Observatory on the far side of the moon will seek 'Dark Ages' signal

The LuSEE-Night observatory will also demonstrate lunar night survival technology that withstands harsh space conditions.
Chris Young
An image of the far side of the moon.
An image of the far side of the moon.

NASA / Goddard / Arizona State University 

In a few years' time, scientists aim to place a small radio telescope on the far side of the moon to help them peer into the universe's ancient past.

The space observatory, called the Lunar Surface Electromagnetics Experiment-Night (LuSEE-Night), is a pathfinder, meaning it will be used to detect signals and locations that more powerful telescopes can then investigate in greater detail.

It is currently slated to launch to the moon aboard a private robotic lander in late 2025. Once there, it will use the radio silence of the far side of the moon to shed new light on the "Dark Ages" of the universe.

Searching for the Dark Ages Signal

The Dark Ages of the universe refers to a period of the early universe, between about 400,000 and 400 million years after the Big Bang, before stars and galaxies had formed.

Remnants from that time still exist in the form of very faint radio signals sometimes referred to as the Dark Ages Signal. LuSEE-Night will feature onboard antennas, radio receivers, and a spectrometer to measure these faint radio waves from the universe's distant past.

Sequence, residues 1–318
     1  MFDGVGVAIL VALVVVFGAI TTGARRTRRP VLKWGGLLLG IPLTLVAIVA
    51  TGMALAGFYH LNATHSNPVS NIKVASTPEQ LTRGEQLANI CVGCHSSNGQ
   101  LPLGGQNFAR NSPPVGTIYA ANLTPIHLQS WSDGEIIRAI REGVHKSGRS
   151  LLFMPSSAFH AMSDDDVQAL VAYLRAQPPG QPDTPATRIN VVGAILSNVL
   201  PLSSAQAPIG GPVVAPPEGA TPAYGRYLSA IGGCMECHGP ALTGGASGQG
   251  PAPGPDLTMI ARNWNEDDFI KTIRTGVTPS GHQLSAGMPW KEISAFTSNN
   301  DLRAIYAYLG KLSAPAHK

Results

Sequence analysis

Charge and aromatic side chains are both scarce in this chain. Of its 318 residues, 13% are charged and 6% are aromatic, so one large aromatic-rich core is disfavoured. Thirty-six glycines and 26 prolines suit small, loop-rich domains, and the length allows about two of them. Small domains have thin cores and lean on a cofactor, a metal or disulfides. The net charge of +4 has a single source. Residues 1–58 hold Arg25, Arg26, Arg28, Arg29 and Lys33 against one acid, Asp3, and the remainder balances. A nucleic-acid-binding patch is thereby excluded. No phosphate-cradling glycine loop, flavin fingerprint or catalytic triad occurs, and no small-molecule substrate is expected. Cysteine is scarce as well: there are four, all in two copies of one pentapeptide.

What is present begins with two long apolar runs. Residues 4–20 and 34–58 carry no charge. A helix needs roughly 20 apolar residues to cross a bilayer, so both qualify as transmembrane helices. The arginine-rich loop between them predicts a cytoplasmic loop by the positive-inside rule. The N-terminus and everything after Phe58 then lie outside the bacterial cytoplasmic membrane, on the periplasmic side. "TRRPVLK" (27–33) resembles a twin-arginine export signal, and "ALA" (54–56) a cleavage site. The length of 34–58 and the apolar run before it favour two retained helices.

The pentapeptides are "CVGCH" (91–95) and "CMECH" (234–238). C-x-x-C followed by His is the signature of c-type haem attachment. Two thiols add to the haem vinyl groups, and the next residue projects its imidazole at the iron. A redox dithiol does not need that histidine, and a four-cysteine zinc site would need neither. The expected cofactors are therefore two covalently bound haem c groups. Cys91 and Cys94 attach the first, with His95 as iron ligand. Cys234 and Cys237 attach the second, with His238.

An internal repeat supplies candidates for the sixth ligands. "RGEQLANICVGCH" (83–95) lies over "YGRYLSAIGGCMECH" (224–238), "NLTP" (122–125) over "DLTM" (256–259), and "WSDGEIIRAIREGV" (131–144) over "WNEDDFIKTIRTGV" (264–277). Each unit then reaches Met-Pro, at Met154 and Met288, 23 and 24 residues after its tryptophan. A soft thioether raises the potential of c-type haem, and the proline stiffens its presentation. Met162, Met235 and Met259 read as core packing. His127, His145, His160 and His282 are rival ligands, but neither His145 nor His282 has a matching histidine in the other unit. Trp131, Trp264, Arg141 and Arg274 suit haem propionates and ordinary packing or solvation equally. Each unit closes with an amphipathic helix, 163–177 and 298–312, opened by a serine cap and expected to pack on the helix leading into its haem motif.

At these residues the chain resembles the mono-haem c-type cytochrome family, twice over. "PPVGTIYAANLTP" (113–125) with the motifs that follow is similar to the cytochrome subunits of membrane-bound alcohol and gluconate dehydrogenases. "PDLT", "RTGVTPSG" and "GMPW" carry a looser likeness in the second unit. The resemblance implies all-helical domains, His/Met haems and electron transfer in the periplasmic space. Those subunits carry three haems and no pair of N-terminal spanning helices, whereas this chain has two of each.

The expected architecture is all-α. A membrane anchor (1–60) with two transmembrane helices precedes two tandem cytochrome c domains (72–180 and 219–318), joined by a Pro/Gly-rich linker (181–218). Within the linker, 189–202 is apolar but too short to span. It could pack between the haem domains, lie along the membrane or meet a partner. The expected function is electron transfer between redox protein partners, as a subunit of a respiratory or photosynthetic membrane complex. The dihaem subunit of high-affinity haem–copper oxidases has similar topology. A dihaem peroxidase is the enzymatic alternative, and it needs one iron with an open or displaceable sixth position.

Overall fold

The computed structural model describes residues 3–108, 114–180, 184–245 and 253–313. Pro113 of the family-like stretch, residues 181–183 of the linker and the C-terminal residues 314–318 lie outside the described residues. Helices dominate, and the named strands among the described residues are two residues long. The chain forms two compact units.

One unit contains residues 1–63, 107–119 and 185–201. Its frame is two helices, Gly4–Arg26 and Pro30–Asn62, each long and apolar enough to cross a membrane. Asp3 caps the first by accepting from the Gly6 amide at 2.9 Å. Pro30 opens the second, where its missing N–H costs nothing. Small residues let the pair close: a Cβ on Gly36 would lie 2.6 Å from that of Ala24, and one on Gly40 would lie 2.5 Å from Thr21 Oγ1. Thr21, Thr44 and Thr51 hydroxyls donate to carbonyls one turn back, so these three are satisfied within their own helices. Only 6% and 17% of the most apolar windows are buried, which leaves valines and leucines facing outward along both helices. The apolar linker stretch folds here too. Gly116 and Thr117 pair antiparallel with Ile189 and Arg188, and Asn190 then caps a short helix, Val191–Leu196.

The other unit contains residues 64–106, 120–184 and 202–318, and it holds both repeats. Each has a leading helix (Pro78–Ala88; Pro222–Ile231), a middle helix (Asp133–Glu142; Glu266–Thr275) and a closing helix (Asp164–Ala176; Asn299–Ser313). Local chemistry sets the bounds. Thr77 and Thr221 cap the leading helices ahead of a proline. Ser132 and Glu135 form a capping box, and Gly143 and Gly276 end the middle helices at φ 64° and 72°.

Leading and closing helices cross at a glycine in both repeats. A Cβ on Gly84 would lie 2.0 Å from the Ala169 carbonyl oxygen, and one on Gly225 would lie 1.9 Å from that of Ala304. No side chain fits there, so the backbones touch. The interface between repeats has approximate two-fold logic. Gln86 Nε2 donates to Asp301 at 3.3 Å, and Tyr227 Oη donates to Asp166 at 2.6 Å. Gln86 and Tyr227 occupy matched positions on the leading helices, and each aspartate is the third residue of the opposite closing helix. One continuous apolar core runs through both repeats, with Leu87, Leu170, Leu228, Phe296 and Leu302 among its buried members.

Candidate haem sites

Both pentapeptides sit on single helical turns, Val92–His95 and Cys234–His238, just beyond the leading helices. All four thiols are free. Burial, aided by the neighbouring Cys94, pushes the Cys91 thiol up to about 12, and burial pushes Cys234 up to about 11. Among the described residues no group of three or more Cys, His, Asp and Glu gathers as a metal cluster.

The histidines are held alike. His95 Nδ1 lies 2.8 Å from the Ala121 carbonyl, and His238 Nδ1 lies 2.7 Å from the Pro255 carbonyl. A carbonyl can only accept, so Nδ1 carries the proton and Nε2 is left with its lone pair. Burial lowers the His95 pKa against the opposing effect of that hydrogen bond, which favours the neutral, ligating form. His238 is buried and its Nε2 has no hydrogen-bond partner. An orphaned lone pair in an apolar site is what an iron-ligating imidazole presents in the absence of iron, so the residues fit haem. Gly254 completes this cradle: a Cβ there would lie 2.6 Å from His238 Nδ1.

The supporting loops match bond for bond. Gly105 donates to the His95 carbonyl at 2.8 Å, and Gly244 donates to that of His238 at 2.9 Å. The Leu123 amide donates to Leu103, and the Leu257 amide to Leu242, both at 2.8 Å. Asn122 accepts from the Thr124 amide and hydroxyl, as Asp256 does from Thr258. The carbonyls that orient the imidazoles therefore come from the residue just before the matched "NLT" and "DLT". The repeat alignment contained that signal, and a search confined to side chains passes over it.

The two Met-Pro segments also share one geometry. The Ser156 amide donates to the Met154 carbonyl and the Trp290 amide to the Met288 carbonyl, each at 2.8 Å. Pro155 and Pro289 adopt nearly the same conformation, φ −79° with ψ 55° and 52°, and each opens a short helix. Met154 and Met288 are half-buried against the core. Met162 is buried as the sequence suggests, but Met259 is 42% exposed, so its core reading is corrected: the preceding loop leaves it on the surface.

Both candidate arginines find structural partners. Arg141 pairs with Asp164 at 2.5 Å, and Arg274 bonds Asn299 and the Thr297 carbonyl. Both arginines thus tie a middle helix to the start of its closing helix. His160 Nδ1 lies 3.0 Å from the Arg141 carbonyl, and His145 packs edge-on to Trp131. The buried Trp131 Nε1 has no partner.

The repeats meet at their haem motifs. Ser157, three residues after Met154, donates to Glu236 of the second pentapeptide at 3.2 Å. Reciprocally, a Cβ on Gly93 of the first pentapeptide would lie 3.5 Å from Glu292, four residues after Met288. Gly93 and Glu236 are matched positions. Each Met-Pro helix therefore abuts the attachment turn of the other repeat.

"So far, we can only make predictions about earlier stages of the universe using a benchmark called the cosmic microwave background. The Dark Ages Signal would provide a new benchmark," Brookhaven physicist Anže Slosar explained in a press statement. "And if predictions based on each benchmark don't match, that means we've discovered new physics."

Lunar night survival technology

The far side of the moon is an ideal location to look for faint signals from the ancient universe because it provides silence from the barrage of radio signals emitted from Earth. However, having an observatory survive on the far side of the moon poses its own challenges, as the moon's far side has a day/night cycle, each lasting about 14 Earth days.

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That means LuSEE-Night will have to be designed to withstand extended periods of harsh cold as well as intense heat, with a temperature range of around 250 to minus 280 degrees Fahrenheit (121 and minus 173 degrees Celsius).

The observatory, which will also serve as a robust demonstrator for long-lasting moon technology, is currently being developed by the U.S. Department of Energy's Brookhaven and Lawrence Berkeley National Laboratories, the Space Science Laboratory at the University of California, Berkeley, and NASA's Science Mission Directorate.

"In addition to the significant potential science return, demonstration of the LuSEE-Night lunar night survival technology is critical to performing long-term, high-priority science investigations from the lunar surface," explained Joel Kearns, deputy associate administrator for exploration in NASA's Science Mission Directorate.

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